| The Flipflopi Project has always been about encouraging change in a positive way,
making people smile first and then sharing the very simple message
that single-use plastics really don’t make sense.
~ Ben Morison, Project Founder
You cannot get through a single day without having an impact on the world around you.
What you do makes a difference, and you have to decide what kind of difference you want to make.
~ Jane Goodall
I first published this article almost a year ago. I’m adapting it a bit and presenting it again because I think it is such a good example of local action that brings great benefit to a community and, thus, to the world. It’s a win-win-win-win in that:
- It saves the community’s coveted UN World Heritage Cultural Site status by cleaning up the shoreline.
- What’s cleaned up from the shoreline is recycled and made into traditional dhows (boats).
- Dhows are traditionally built using wood. Using recycled plastic and other trash instead means trees remain. Saved!
- This initiative provides new employment for people in the community.
I wonder…how might we do something similar in my town? And I wonder…what are the unaddressed opportunities that could change everything and add up to such an enormous win-win for us right here and right now?
The more extensive original article is Plastic Revolution.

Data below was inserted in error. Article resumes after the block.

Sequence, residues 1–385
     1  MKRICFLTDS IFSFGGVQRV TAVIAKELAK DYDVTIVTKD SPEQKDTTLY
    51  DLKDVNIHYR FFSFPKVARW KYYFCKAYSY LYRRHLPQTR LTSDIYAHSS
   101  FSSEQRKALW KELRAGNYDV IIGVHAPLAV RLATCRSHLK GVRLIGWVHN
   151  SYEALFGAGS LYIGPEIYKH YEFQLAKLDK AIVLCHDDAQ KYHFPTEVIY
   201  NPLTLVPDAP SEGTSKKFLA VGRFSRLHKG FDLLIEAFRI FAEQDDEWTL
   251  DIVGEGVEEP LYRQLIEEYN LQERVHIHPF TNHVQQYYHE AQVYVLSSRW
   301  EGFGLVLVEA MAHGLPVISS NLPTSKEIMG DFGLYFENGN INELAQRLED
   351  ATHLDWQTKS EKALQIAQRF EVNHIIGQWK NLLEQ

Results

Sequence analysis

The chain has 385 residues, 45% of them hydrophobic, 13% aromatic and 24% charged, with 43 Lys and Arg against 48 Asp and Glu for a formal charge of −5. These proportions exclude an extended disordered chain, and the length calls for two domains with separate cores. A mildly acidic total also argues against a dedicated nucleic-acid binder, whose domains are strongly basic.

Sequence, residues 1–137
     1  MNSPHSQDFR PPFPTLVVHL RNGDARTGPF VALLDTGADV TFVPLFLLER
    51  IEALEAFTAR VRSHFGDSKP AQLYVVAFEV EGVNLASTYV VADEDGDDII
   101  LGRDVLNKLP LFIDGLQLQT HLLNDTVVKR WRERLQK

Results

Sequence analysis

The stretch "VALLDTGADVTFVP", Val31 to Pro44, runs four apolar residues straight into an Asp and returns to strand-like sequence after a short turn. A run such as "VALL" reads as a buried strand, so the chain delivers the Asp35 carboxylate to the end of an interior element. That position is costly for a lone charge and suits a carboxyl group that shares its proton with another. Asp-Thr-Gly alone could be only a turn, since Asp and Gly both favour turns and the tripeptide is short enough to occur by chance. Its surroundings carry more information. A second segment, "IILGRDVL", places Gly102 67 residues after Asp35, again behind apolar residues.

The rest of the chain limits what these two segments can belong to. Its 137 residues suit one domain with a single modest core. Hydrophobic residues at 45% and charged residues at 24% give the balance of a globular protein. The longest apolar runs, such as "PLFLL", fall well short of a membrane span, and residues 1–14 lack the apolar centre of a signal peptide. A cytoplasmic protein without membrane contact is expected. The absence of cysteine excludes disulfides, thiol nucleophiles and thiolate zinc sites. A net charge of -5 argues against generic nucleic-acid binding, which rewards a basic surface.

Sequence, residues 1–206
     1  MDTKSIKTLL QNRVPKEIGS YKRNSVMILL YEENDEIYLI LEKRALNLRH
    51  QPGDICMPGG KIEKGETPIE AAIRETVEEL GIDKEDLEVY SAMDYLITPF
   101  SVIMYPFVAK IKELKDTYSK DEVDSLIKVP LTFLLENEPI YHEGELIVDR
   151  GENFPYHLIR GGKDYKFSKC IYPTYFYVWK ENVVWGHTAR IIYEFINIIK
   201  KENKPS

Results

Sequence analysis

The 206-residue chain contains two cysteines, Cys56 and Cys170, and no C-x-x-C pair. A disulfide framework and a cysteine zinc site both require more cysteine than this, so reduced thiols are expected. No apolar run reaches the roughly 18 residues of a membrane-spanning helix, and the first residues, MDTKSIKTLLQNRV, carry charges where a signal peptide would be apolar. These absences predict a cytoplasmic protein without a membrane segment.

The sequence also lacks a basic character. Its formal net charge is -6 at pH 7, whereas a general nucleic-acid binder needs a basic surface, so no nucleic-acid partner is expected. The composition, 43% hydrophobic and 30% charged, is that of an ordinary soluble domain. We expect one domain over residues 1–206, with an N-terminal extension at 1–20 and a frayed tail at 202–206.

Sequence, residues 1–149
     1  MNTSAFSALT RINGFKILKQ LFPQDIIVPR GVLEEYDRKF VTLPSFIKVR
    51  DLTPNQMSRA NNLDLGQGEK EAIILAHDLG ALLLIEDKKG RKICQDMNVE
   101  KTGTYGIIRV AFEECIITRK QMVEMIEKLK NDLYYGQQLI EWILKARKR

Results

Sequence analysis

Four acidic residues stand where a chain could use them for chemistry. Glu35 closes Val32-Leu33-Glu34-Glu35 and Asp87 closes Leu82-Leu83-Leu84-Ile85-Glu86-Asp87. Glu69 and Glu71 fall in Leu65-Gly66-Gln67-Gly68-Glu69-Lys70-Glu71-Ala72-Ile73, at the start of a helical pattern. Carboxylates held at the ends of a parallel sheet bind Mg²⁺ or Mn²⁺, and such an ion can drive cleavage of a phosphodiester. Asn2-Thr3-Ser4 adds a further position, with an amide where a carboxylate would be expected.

When I lived in Somalia, I would go on R&R to Kenya now and then. And I would usually go on safari. On one trip, however, I decided to do something different. I had heard about a mostly unknown town on an island on the Kenyan coast. The Lamu area was idyllic. At that time, it was pristine and quiet. Later, in 2001, Lamu became a UN World Heritage Cultural Site. Bravo! And it had become a well-known tourist destination with many new hotels.
THE BAD NEWS
But now enters a rub. At some point, plastics began to intrude. Plastic debris was being pushed onto the formerly untouched Indian Ocean beaches. The bulk of it was one-time use plastic bottles followed closely by other plastics – like flip-flops! Hundreds of thousands of them.
As a result, the town’s World Heritage status was threatened. As was their primary industry: tourists. The local people tried to keep the beaches clean but the amount of trash was greater than their capacity to get rid of it. I watched a video where the narrator said that on one organized clean-up the local people gathered 33 tons of litter. 33 tons! In another video I watched, the narrator said projections are that if we don’t change our ways, in 50 years there will be more plastic in the oceans than there are fish.